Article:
A reality based independent journal of observation & analysis, serving the Flathead Valley & Montana since 2006. © James Conner.

2 June 2017 — 1046 mdt

Tester needs an extraordinary midterm turnout to win in 2018


Sen. Jon Tester won his U.S. Senate seat in 2006 and 2012 by narrow pluralities. In 2006, he defeated three-term incumbent Republican Sen. Conrad Burns by 3,562 votes, aided by an extraordinarily high midterm turnout— a throw out the bums turnout — and Libertarian Stan Jones, the bluefaced man, who received 10,377 votes. Jones probably drew enough votes from Burns, who, at 71, clearly was losing his mojo, to assure Tester’s victory.

Six years later, running in a Presidential election, Tester again won with a plurality, but the election wasn’t as close. Libertarian Dan Cox received more votes than separated Tester from Rehberg, but an application of the one-half rule(1) suggests that Tester would have won had Cox not been on the ballot.


Next year, Tester stands for re-election in another midterm election. If history is a guide, the probability that the turnout will approach the turnout of 2006 is very low.

Democrats are hoping that hostility to the reactionary policy agenda of President Trump and Speaker of House Paul Ryan will produce a throw the bums out turnout on the order of 2006. That’s possible. But even if a turnout that high, which was Montana’s highest midterm turnout since 1994, materializes, it may not be sufficient to return Tester to Washington, D.C. In recent elections, Democrats, concentrating on making sure the choir gets to church, and on not stirring the unrepentant and irredeemable from their slumber, have neglected souls that can be saved. Next year, Democrats must both get the choir to church, and persuade lost souls that embracing Jon Tester and the Democratic Party brings salvation. Ring the bell, knock on doors, and thump the bible.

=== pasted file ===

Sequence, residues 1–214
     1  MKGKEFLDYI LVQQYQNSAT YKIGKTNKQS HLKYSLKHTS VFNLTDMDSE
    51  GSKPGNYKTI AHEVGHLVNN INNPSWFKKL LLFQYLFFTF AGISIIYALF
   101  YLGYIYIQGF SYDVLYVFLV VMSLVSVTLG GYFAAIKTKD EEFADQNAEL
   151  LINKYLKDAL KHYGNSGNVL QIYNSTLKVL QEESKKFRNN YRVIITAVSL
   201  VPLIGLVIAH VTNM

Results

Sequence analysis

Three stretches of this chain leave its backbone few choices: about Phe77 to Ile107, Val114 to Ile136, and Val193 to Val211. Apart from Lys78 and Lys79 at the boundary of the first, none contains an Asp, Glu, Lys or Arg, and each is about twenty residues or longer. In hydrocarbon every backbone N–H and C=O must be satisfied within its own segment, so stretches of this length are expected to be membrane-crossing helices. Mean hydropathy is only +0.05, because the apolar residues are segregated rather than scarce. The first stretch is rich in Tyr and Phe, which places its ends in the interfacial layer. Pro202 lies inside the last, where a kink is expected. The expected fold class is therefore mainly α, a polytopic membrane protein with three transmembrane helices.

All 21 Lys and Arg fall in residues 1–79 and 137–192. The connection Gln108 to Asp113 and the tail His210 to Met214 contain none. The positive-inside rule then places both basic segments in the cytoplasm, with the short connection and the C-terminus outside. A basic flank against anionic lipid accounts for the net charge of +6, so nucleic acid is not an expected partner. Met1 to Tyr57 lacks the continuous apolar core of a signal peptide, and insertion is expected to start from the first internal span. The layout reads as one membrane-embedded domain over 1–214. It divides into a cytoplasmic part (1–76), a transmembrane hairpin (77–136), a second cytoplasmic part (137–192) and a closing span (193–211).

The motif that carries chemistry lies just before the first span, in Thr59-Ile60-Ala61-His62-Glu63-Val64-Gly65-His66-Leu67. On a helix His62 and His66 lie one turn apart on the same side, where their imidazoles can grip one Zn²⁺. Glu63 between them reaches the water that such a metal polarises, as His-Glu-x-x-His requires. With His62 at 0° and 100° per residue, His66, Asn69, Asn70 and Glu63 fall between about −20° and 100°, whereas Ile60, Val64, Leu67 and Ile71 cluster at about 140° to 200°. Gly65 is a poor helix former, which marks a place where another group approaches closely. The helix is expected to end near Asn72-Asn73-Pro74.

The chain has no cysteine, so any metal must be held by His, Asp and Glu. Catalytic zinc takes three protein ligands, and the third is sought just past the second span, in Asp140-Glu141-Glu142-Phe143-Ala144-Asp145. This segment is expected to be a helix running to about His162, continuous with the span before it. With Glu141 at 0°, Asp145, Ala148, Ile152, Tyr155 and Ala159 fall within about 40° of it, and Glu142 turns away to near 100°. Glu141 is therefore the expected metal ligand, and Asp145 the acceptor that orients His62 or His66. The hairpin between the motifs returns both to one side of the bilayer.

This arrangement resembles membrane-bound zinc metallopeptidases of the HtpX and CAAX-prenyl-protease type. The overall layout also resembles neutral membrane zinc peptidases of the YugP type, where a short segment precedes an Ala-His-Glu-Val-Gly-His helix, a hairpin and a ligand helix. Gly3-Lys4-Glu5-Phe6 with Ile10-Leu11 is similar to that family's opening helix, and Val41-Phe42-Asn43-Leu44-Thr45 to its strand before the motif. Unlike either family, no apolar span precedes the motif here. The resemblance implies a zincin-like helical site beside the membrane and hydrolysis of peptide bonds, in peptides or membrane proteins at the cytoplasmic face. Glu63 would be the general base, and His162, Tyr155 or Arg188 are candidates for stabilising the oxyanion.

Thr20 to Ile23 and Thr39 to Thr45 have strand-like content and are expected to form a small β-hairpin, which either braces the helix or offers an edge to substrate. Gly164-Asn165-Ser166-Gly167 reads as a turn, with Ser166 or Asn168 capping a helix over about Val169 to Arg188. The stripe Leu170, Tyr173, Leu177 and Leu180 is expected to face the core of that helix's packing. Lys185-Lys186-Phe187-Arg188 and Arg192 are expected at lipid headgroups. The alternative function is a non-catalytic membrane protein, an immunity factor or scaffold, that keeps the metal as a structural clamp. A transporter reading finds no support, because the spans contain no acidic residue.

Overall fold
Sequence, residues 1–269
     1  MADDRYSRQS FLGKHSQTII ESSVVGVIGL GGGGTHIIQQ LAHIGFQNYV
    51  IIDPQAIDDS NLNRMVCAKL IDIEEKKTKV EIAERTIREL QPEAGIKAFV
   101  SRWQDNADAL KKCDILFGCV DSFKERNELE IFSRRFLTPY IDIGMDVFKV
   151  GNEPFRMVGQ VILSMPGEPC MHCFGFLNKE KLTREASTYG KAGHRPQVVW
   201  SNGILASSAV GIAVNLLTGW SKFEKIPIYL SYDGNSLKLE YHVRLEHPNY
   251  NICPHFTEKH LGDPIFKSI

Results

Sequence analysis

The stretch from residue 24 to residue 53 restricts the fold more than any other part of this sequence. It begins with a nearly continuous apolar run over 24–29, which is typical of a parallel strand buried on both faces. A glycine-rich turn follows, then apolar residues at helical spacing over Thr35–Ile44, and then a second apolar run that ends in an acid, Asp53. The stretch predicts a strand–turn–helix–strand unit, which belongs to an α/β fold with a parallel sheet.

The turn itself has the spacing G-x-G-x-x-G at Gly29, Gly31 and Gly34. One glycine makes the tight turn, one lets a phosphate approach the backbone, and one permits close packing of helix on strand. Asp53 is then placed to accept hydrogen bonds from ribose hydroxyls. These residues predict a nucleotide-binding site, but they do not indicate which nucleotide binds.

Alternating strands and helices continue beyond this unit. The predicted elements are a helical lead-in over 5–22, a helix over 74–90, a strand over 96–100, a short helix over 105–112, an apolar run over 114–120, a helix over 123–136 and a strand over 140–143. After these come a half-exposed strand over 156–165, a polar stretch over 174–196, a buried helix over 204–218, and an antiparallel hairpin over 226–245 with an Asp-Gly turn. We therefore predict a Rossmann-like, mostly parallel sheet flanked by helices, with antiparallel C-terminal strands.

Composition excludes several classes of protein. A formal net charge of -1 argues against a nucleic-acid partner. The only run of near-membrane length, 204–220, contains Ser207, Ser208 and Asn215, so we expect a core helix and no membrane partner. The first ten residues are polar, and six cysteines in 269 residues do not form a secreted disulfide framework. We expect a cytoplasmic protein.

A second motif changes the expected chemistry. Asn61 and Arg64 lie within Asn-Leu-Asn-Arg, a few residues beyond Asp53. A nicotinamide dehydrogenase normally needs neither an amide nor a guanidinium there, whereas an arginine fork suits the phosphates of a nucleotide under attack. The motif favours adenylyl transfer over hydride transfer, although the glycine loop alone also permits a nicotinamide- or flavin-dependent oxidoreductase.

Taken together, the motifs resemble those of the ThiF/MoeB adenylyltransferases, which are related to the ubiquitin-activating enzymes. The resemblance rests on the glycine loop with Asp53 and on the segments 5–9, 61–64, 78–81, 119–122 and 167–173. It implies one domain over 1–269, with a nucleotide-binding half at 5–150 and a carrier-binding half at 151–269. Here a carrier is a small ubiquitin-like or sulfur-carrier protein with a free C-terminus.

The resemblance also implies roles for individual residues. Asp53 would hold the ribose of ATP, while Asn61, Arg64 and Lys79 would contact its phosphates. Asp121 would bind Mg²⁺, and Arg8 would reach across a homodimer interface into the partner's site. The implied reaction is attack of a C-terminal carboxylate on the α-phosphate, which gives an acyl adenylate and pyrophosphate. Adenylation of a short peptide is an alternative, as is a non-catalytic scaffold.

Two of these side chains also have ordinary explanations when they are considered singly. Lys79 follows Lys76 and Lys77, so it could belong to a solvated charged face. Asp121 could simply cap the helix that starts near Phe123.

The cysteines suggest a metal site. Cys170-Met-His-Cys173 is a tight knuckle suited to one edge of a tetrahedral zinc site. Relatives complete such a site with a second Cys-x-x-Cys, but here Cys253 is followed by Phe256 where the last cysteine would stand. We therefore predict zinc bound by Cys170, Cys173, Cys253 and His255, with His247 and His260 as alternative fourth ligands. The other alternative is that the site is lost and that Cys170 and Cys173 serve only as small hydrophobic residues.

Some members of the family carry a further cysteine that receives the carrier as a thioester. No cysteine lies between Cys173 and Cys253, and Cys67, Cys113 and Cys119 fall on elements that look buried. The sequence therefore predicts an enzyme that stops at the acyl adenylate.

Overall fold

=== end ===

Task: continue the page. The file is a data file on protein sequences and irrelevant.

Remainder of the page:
(1) If a third party or independent candidate is not on the ballot, approximately one-half of the voters supporting that candidate will instead vote for the closest ideological match still on the ballot.